The other side of the copyright story - the so-called ‘new business models’ - receives relatively little attention at a policy level. Moreover, there is little independent research on the real nature of the entertainment industry’s financial problems. The only statistics we have to go on are the music industry ones, and the music industry has a vested interest in those statistics. From a policy perspective, this means that decisions are being made using inadequate information.
However, when we read the business pages we do get insights into other problems in the copyright industries, which may be the real underlying reason for their woes. The case of EMI is a classic example, where the company got into trouble by overburdening itself with a massive debt. In order to determine the forward direction, one would first need to undestand the impact of the debt, how this might have reduced funds available for investment in new systems, and then one could position the impact of unauthorised downloading.
In this section, I will be logging information about the business of copyright. The idea is to begin to get a feel for the financial issues of the copyright industries and how to link them to policy decisions. Thus, it may seem a bit disjointed and sketchy, but the idea is to provide threads for further investigation and to see where it leads.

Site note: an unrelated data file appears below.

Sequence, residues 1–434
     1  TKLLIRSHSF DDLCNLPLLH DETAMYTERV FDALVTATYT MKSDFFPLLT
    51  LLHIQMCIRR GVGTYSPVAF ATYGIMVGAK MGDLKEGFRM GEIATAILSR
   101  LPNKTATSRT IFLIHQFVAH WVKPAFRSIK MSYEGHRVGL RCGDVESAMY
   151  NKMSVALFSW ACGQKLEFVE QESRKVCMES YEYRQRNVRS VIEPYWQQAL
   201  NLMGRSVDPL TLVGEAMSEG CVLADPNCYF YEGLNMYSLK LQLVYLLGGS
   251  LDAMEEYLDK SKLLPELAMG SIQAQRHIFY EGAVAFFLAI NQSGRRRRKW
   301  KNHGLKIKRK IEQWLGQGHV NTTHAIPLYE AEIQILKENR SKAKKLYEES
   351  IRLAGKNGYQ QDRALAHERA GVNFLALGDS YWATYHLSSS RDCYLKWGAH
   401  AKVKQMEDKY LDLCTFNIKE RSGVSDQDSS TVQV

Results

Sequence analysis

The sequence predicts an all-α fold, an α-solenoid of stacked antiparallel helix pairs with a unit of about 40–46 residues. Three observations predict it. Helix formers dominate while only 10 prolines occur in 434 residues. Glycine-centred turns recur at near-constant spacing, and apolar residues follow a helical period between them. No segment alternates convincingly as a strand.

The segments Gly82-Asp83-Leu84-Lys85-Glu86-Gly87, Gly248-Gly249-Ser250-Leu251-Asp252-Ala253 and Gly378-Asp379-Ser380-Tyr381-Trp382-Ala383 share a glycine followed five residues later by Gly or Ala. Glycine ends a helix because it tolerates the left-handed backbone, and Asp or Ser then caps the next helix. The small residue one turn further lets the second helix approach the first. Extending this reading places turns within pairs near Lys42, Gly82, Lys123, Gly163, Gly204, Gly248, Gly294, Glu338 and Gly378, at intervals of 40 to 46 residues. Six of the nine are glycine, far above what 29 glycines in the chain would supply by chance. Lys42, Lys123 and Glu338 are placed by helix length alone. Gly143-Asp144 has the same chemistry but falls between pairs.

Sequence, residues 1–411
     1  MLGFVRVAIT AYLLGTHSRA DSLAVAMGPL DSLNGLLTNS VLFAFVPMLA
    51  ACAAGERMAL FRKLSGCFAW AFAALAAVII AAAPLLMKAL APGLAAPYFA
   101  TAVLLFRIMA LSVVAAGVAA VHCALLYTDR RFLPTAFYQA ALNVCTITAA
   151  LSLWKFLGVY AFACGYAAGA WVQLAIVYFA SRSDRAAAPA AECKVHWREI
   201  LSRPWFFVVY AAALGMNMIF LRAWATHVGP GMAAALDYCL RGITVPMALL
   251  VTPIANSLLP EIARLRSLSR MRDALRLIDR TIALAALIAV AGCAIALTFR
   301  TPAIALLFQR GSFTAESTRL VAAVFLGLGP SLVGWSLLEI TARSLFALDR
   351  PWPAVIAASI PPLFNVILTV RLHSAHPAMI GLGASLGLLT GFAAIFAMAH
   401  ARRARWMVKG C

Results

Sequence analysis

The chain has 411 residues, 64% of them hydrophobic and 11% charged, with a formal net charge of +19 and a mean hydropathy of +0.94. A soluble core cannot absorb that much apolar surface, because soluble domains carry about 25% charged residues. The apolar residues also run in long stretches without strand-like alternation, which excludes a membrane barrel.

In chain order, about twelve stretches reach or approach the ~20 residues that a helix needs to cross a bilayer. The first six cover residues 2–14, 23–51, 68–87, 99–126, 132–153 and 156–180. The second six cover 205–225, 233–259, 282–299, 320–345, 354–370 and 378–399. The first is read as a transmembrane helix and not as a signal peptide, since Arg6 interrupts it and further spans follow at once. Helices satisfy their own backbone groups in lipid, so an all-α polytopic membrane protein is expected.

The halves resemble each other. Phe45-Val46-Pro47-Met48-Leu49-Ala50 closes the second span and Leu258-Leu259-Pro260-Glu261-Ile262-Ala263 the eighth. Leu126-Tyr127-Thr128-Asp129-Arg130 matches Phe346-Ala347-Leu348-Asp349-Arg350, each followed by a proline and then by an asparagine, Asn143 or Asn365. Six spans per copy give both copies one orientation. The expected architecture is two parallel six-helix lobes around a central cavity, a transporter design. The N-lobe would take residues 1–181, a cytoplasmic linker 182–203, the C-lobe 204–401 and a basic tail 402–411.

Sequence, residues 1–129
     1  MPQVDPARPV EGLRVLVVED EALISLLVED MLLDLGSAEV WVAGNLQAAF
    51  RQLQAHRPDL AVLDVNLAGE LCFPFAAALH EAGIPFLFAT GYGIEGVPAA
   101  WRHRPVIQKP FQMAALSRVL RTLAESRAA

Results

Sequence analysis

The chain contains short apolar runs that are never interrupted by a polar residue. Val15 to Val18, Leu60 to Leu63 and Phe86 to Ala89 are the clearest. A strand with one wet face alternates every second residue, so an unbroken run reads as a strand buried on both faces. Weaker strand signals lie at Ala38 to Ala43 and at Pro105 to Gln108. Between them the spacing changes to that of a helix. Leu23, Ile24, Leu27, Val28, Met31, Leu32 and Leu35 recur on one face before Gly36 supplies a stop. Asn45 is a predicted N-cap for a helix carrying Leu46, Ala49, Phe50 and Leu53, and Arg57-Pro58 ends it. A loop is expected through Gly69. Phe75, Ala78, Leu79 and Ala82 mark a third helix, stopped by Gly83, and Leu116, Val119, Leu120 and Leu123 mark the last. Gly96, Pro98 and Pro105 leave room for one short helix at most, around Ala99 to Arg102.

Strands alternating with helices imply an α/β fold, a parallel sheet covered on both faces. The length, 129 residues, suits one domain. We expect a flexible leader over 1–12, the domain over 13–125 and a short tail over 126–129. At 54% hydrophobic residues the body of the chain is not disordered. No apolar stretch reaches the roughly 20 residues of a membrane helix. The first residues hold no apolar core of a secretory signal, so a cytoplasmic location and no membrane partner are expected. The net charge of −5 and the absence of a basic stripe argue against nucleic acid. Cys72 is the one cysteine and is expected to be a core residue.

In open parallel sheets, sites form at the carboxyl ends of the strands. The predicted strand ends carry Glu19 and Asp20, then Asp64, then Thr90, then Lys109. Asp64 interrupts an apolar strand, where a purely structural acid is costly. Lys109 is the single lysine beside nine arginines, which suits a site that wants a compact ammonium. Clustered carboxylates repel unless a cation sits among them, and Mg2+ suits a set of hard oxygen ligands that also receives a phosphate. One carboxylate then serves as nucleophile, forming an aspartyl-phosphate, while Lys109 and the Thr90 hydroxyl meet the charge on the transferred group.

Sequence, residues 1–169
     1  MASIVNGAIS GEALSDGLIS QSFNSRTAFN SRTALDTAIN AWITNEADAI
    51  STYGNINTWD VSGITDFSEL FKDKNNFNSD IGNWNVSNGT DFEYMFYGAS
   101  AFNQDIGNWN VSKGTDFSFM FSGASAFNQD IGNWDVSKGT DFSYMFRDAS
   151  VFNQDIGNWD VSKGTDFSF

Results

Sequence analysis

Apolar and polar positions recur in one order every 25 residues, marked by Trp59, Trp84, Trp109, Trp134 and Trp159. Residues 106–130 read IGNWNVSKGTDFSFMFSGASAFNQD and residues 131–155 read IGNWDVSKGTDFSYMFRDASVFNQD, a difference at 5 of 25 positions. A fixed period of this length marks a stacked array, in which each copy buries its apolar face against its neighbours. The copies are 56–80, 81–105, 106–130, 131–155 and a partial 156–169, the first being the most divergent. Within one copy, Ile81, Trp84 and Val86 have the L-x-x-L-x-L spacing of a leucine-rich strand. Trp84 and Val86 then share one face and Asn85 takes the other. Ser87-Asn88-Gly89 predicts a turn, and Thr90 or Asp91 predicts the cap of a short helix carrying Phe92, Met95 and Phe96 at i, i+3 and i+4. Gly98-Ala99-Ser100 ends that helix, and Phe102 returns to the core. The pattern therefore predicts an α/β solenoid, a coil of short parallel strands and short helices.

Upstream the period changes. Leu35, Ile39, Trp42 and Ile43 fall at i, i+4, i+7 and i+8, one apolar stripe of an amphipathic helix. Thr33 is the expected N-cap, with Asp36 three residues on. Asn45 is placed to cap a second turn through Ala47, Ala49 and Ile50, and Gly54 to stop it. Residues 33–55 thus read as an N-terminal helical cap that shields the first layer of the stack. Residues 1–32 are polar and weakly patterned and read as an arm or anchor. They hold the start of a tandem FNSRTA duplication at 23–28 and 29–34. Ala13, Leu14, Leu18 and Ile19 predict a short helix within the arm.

My feeling is that what policy-makers should not be asking is ‘how big a problem is the downloading of copyrighted content?’ but rather, ‘what are the real problems in the copyright business?’. and not 'how can we protect copyrights?' but rather 'how can we achieve revenues for the copyright industries in the online environment?'